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Study Case 1 – State-Owned Enterprises in the Response to the Coronavirus Pandemic

– This article is provided For Educational Purposes only –

State-owned enterprises (SOEs) are an inviting channel for government responses to economic crises and natural disasters, given the degree of direct government control. The Independent Evaluation Group found such responses in the portfolio—for example, responding to the 2008 global financial crisis in part by using state-owned banks (such as the Sri Lanka Small and Medium Enterprise Development Facility, 2011) and responding to floods by restoring power distribution (Serbia Floods Emergency Recovery Project, 2015). The International Finance Corporation helped Russian Federation banks (public and private) deal with small and medium enterprises’ nonperforming loans after the financial crisis (the Russian Federation Financial Management Crisis Management Project), and the World Bank helped Nigeria create an asset management company to restore financial health to the banking sector.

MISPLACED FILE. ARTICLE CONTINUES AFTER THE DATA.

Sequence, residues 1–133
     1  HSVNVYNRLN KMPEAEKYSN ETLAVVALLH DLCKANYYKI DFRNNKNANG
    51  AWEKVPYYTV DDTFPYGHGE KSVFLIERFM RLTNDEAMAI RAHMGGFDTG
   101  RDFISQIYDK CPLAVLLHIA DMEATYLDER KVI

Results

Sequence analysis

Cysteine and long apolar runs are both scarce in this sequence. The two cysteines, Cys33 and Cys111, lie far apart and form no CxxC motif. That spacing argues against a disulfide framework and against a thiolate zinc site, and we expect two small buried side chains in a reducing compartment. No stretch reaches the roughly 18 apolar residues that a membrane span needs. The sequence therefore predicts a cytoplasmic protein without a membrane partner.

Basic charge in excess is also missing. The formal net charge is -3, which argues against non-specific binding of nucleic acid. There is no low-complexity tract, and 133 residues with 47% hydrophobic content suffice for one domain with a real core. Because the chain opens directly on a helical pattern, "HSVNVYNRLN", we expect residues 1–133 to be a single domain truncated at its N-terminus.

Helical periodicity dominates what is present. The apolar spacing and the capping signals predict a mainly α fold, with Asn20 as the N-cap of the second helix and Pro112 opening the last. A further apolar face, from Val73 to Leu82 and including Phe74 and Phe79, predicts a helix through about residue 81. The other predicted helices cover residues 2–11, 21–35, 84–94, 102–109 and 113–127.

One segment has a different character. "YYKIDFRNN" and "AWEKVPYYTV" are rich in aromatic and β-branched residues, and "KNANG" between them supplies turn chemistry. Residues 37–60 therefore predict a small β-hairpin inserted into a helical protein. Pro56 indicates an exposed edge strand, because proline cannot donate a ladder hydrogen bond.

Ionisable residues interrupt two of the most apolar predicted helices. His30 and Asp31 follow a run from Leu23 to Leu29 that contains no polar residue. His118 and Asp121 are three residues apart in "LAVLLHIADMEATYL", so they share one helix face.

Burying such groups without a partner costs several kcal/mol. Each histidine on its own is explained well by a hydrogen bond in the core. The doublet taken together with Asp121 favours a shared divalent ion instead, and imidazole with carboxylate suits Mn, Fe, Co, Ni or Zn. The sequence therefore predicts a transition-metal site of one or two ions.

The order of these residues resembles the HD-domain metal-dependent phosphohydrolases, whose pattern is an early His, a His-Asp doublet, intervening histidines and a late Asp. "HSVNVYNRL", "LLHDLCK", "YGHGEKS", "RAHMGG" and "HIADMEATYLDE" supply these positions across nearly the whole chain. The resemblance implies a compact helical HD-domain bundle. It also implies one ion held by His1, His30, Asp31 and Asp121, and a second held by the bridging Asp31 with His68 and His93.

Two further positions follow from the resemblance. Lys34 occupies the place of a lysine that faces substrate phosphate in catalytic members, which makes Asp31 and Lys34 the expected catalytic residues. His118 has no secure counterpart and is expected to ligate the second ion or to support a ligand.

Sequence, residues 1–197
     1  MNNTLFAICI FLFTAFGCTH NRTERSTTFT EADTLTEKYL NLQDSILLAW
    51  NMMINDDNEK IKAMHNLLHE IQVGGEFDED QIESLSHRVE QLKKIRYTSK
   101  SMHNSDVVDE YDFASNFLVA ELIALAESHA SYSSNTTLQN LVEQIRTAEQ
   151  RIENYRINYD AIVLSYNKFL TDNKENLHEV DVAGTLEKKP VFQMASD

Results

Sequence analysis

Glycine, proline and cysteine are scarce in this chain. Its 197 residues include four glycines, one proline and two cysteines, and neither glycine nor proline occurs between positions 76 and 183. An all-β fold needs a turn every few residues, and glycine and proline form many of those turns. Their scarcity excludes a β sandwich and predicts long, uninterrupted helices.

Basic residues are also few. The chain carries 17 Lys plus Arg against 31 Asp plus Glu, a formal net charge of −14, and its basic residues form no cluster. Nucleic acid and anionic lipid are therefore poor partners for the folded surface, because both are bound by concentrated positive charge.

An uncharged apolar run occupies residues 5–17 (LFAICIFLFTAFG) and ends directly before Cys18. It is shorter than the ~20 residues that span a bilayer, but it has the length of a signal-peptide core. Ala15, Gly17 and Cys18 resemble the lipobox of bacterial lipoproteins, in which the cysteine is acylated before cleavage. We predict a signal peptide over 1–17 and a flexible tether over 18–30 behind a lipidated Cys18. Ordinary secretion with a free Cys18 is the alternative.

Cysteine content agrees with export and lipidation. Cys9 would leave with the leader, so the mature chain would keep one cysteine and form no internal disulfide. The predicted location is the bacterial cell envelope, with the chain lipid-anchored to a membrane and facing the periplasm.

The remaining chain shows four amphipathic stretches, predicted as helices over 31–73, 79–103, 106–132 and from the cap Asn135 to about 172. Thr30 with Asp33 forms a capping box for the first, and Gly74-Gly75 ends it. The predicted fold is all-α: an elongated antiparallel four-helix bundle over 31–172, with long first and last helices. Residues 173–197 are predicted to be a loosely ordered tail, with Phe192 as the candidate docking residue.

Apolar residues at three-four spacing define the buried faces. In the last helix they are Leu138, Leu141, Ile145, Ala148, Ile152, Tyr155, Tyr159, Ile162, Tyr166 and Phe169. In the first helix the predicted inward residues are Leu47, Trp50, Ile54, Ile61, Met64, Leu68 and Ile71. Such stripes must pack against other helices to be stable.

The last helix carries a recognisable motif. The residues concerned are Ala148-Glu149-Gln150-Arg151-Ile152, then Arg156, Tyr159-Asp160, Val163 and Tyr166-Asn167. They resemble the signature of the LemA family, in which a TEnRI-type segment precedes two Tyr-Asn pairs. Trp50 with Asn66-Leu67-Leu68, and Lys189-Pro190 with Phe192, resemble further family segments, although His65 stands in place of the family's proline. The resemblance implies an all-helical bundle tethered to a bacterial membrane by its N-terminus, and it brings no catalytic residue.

SOEs can provide convenient vehicles to channel resources to adversely affected firms and households (for example, through bank loans or power utility payment abeyance). Although some crisis response efforts also aimed to reform SOEs, many aimed to use them to reach targeted beneficiaries. Several of the World Bank’s initial private sector support projects in response to the crisis are channeled through state development banks. The literature provides some explicit precautions:

  • Temporary subsidies and benefits after crises may be “policy traps” that are politically difficult to reverse. This is true for both utilities and banks.
  • The use of state-owned banks to respond to crises may be costly and inefficient. The World Bank Group’s Global Financial Development Report 2013: Rethinking the Role of the State in Finance finds that although SOE lending may be “less procyclical” than private lending, it “did not always target the most constrained borrowers” and is associated with a “deterioration of the quality of financial intermediation.” Special attention must be paid to governance, including assuring “adequate risk management processes are in place.”

Sources: Bril-Mascarenhas and Post 2012; World Bank 2012a; Independent Evaluation Group state-owned financial institutions deep dive; Independent Evaluation Group portfolio review and analysis.

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